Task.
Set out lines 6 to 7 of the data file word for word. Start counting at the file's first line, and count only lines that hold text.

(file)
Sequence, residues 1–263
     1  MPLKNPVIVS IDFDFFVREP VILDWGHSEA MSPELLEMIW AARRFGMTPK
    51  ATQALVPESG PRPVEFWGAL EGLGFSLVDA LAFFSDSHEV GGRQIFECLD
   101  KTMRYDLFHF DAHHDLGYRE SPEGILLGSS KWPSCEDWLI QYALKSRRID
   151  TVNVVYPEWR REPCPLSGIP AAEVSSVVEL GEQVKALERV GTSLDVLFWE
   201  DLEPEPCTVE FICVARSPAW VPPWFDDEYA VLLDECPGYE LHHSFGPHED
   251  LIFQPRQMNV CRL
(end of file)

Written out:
   201  DLEPEPCTVE FICVARSPAW VPPWFDDEYA VLLDECPGYE LHHSFGPHED
   251  LIFQPRQMNV CRL